I was working with a child recently and I’d ask him about his recent holiday; questions about what he enjoyed or what he had done. To most of the questions I got a “I don’t know” or “I don’t remember” reply. There were somethings he did recall, but he was muddled over the times and places. The boy was 7 and it’s not uncommon to find that recollection can be patchy for that age.
So I tried a different approach that I wanted to share with you which parents, carers and grandparents might find dun to try out and see what responses they get.
A shift of perspective, or seeing it through someone else’s eyes, can provide the necessary starting point to some viable solutions
It was and is my belief that we, at any age, are constantly taking in information and processing at perhaps a conscious but certainly at a unconscious level. So I started from the belief that the information was in there, somewhere. It was just about accessing it.
What can be surprising in coaching or therapy work is that in our position as ‘I’ we struggle to see the resources necessary to move us to the desired state. However, ask what a friend, a family member or even a character from a film would do and a client can often list a variety of options. A shift of perspective, or seeing it through someone else’s eyes, can provide the necessary starting point to some viable solutions. It’s this idea that I thought you might enjoy understanding more.
This approach generated a more useful response when I changed the question from, “What did you enjoy the most on holiday?” to “What do you think your sister would remember you enjoying the most – what would she say?”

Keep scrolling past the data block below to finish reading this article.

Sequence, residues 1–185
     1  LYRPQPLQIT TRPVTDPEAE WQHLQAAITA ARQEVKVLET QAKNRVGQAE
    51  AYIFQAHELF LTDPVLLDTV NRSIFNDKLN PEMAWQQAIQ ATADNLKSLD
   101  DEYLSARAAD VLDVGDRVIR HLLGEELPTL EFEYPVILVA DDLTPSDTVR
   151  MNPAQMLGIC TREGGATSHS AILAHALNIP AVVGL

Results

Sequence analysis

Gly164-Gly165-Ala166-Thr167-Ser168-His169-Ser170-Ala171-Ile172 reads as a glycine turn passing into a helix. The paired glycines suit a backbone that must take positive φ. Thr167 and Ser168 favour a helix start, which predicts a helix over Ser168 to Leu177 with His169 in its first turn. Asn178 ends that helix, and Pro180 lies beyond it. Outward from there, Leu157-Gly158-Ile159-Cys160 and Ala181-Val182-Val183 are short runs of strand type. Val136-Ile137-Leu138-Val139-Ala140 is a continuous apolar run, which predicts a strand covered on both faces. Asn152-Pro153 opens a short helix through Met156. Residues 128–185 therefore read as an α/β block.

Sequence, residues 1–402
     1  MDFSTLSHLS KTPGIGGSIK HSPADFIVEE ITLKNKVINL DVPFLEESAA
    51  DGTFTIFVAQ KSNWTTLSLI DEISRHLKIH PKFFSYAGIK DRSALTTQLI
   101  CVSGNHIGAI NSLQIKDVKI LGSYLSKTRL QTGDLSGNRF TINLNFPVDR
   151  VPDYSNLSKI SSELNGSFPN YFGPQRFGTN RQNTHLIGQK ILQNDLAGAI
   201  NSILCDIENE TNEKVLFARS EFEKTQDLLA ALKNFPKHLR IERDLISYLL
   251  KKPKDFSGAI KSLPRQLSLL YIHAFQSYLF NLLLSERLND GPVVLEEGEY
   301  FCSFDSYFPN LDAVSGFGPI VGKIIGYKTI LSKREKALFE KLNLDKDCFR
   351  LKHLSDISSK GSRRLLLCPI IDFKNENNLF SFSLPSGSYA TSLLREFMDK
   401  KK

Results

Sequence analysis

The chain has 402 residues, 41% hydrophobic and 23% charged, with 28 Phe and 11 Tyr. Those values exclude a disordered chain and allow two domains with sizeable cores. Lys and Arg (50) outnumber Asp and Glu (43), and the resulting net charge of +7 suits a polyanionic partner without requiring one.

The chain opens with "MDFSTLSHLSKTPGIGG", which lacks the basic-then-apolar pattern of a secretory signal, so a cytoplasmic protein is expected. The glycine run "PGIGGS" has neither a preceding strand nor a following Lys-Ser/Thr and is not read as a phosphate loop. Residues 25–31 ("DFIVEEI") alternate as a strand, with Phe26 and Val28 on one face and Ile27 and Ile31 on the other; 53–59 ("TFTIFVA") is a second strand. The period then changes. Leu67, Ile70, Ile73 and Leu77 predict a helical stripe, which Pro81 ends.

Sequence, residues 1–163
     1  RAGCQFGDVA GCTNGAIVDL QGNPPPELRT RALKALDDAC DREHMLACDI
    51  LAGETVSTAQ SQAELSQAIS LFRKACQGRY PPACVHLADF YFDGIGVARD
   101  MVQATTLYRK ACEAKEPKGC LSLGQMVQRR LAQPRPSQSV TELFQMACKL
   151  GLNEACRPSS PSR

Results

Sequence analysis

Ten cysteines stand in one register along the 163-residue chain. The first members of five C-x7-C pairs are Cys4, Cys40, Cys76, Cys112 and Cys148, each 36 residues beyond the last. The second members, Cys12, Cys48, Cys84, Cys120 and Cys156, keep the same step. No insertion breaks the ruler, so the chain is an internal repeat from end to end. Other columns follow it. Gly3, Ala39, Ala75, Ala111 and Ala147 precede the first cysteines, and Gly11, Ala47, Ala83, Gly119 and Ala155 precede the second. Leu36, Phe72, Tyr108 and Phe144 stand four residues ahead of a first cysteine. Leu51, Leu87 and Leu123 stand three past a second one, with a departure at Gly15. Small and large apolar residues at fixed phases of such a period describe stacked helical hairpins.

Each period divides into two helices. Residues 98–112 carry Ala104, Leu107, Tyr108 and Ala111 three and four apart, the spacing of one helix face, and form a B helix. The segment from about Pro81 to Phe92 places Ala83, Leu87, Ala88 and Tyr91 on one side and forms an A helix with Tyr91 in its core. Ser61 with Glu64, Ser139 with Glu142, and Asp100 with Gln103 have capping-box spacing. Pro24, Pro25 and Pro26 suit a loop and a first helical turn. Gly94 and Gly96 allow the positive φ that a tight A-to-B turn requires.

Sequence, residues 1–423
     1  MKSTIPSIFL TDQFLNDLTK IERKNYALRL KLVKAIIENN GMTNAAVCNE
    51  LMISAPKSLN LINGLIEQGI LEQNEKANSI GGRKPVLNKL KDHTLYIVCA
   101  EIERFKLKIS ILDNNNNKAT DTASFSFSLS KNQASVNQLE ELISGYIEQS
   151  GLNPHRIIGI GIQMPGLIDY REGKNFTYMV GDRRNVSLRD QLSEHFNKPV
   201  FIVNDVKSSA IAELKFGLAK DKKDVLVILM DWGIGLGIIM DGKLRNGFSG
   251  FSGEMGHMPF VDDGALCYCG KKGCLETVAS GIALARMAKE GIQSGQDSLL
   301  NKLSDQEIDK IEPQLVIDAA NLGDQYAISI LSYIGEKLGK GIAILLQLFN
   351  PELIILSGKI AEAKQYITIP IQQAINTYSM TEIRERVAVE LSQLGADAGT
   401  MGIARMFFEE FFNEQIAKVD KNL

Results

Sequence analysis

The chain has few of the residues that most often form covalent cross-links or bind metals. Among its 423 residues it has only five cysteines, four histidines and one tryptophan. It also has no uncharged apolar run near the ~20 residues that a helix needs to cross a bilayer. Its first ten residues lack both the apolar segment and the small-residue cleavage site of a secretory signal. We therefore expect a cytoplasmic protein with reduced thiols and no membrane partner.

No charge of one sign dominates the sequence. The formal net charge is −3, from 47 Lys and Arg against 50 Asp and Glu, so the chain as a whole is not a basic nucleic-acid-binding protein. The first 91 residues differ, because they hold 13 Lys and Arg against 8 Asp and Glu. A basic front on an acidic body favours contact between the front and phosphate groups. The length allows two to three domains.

Asking this question, got a quick reply, “Spending time with my cousins”.
And so with this question and other variations (“What do you think your parents would say?” etc) we extracted a picture of his holiday season.
Remain mindful to consider different approaches when given a not very useful response.
As I’ve written before, it’s curious how a little change of words in a question can make a dramatic affect. By loosening up the language to allow for speculation can often help a child come up with an answer. What if we changed the verb ‘can’ to ‘could’? Do you notice a different sensation when you say:
“What can you do about it?”
“What could you do about it?”
Both questions are looking for options to answer a particular situation. Yet one, ‘could’, you may have noticed, feels a little looser than ‘can’. If I ask you what could you do, invites multiple suggestions whereas can is looking for less options. Apply this to out scenario:
“What do you think your sister would remember you enjoying the most – what could she say?”
You may also consider adding: “Take a guess”, it opens up even more speculation. In my experience this can result it some useful answers and gets communication flowing.
What I’m proposing is that we remain mindful to consider different approaches when given a not very useful response. I’d invite you to see it as a game or a maze – how do you get to the centre? This can often be some of the more rewarding moments as we find the route that captures their memories.